Short Skip - December 2022
By Tim McGillen/N9CA 2022 LCARC President
*Click on blue wording to open internet topic links
Hi everyone and welcome,
The November 2022 LCARC meeting was enjoyable as we made and renewed HR friendships in person. After all… HR is about creating friendships. Congratulations to winners of all the free raffle prizes!
The elected LCARC 2023 Club officers:
Tim McGillen N9CA President
James Harney KF9EX Treasurer
Russ McComb KB9HO Secretary
My sincere thanks all the members who volunteered to serve on the Board.
WANTED: Club Vice President. Could you be that person? Fun job. Not much work. Looks great on resume. Candidate must like amateur radio. Email Tim N9CA firstname.lastname@example.org for a no obligation discussion.
The LCARC Board meeting will be Tuesday December 6th at 7:30pm via ZOOM. All Club members are welcome to link in with ZOOM.
The Friday December 9th Club meeting at 7:30pm will be physical without a ZOOM option. The theme of the meeting is: a seasonal and social celebration of life and Ham Radio friendships. Coffee, cake, cookies, pop.
You do not have to be a Club member to attend. Come join us. Lighted easy parking, handicapped accessible, 1st floor of the EMA office, north side of 93rd 2900 W. 93rd Ave, Crown Point IN 46307.
ARRL DECEMBER CONTESTS
160 METER CW Contest - For Amateurs worldwide to exchange information with W/VE amateurs on 160-meter CW. December 2-4, 2022.
10 Meter Contest – all modes For Amateurs worldwide to exchange QSO information with as many stations as possible on the 10 meter band. December 10-11 (the Second weekend of December). Starts 0000 UTC Saturday; runs through 2359 UTC Sunday
Rookie Round-up - Sunday, December 18, 2022, using CW 6 hours from 1800 to 2359 UTCRookies exchange information with as many other stations as possible on the 80, 40, 20, 15, and 10 meter HF bands. All hams are encouraged to participate, but only those licensed 3 years or less may submit their logs for awards.
For complete ARRL rules visit www.ARRL.org
Other Worldwide Contests
www.ARRL.org/contest-calendar *pick the month you wish
LOCAL HR NETS
Courtesy of KC9UNS www.tinyurl.com/chicago-ham-nets
The LCARC Information NET Every Wednesday - at 8:00pm. 147.000 and 442.075 (pl 131.8) Informal, informative, and fun. A great way to stay connected with local hams. Typically 30 minutes long.
ARES 2 meter NET Tuesday evening at 7:00pm. N9IAA repeater 146.685 MHz PL 173.8
ARES HF Net Sunday 4:00 PM - 80 meters 3.900 MHz – LSB
ARRL ARES Info https://inarrl.org/index.php/public-service/indiana-ares
Indiana ARES® HF Digital Net is held every Wednesday at 8:30 PM Eastern Time except the second Wednesday of the month on or about 3.583 MHz check in using Olivia 8/500 digital. May use VARA-HF also.
On-Line EmComm WINLINK VARA Digital Training
VarAC is a “newer” keyboard person-to-person digital communication mode using computer software. Speeds to 210WPM. There are many YouTube videos. Here is a short introductory YouTube link on VarAChttps://youtu.be/0yJ-GGBEFQU
* There has just been a new software release: v6.3.3. New software is not backward compatible!!!
Free VarAC software download: https://vara-ac-hamradio.com
20m - 14.105 MHz (Primary - day time)
40m - 7.105 MHz (Primary - night time)
optional VarAC calling frequencies
80m - 3.595 MHz
30m - 10.133 MHz
17m - 18.106 MHz
15m - 21.105 MHz
12m - 24.927 MHz
10m - 28.105 MHz
6m - 50.330 MHz
EmComm DIGITAL USERS
Latest free version of VARA-HF is v4.6.6
Latest free version of VARA-FM is v4.2.6
YouTube video how-to-install & use https://youtu.be/N8Kd_W_djVQ
ARES D1 RAFFLE
ARES Indiana District 1 volunteers are in the process of revitalizing our webpage www.ARESD1.com We are in need of funds to change its domain and pay for initial hosting fees. The raffle is for a Surecom SW-102 SWR meter (a $65 value). This SWR meter is rated for 125 - 525MHz, 120 watts.Tickets are $5.00. Contact David KD9UOW email@example.com
Amateur Satellite News www.Amsat.org “ANS-331 Weekly Bulletin” 11/27/2022
New FCC Ruling Presents a New Set of Challenges
Until now, all spacecraft had to either deorbit or move to a disposal orbit no later than 25 years after the end of their mission. With the Federal Communication Commission’s (FCC) new ruling, they must come down sooner.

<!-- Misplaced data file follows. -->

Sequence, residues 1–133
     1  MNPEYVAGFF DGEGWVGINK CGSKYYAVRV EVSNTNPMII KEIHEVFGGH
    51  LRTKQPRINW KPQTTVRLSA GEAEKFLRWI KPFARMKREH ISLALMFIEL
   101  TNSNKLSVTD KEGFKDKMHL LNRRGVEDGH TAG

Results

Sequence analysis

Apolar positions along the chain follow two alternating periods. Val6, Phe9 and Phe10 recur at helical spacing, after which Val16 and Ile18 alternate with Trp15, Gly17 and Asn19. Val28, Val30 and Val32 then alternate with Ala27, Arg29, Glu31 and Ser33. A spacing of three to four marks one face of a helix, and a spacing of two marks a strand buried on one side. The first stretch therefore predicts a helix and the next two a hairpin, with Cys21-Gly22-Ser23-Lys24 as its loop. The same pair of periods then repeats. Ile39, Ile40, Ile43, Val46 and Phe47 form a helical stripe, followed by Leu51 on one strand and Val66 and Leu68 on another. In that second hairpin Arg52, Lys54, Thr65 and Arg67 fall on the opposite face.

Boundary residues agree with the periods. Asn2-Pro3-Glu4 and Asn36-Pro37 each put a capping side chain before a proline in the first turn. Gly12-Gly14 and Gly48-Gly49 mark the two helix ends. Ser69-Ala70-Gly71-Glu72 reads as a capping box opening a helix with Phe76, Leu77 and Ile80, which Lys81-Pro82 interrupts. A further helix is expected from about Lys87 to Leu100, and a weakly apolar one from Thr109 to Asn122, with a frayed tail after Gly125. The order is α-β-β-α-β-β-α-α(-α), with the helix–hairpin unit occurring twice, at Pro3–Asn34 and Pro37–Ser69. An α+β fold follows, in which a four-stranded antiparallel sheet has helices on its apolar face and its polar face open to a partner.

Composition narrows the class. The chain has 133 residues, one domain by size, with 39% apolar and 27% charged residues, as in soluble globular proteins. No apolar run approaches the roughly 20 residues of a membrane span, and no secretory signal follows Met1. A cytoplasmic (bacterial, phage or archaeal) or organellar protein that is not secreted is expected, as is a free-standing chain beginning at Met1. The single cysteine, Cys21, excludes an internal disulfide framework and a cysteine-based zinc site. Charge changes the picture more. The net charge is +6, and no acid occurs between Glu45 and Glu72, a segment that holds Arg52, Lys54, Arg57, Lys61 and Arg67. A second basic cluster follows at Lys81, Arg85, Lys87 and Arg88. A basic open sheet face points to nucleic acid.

The FCC’s new orbital debris mitigation ruling, FCC 22-74, requires non-geostationary satellite operators that terminate their satellite operations or pass through the Low Earth Orbit region below 2,000-kilometer (1246 miles) altitude, complete disposal as soon as practicable following the end of mission, and no later than five years after the end of its primary mission. The goal is to minimize the risk of collisions that would create debris.
*Space-X satellites orbit 340 miles up. The ISS orbit is about 240 miles up. Based upon maneuvering fuel, Space-X is predicting a 7 year life for their communication satellites which may be commanded to change orbit 8x/day.
The FCC defines “end of mission” to be “the time at which the individual spacecraft is no longer capable of conducting collision avoidance maneuvers,” and, for spacecraft without collision avoidance capabilities, end of mission is defined as the point at which the individual spacecraft has completed its primary mission.
Furthermore, the FCC requires a demonstration that the probability of success of the chosen disposal method will be 90 percent or greater. This new rule-making will have a significant effect on AMSAT’s future satellite operations.
OMOTENASHI Struggling to Carry Amateur Radio to the Moon Amstat Bulletin ANS-324 11/20/22
OMOTENASHI, a project of the JAXA Ham Radio Club, (Japan Aerospace Exploration Agency) was a secondary payload aboard NASA’s Artemis 1 mission, launched along with the Orion space capsule from Cape Canaveral on November 16. It was planned to land on the surface of the moon, and to transmit with a 1 watt beacon in the amateur 70cm band.
Of the ten CubeSats flown as secondary payloads with the Orion space capsule, seven are operation, two have not been heard from.
OMOTENASHI, a Japanese word for hospitality, is derived from Outstanding MOon exploration TEchnologies demonstrated by NAno Semi-Hard Impactor.
Controllers have reported OMOTENASHI is tumbling, making it difficult for the spacecraft to charge its batteries and communicate with the ground. Controllers are continuing recovery attempts, but it’s Moon landing mission window has closed permanently.
OMOTENASHI is a 6U-CubeSat with external dimensions of 239 x 366 x 113mm and an approximate mass of 14 kg. (9.5 x 14 x 4.5 inches and 30 lb). It’s cost was $5.6 million US and would have made Japan the 4th nation with a probe on the Moon.
Further details at https://www.isas.jaxa.jp/home/omotenashi/JHRCweb/jhrc.html
U.S. High School CubeSat to be APRS Relay
TJREVERB, a 2U CubeSat built by Thomas Jefferson High School for Science & Technology, has been frequency coordinated to operate as an APRS relay on 145.825 MHz. It is scheduled for launch on a SpaceX Falcon 9 rocket and Dragon spacecraft set to deliver additional science, crew supplies, and hardware to the International Space Station next week. The satellite will be released from ISS at a later time.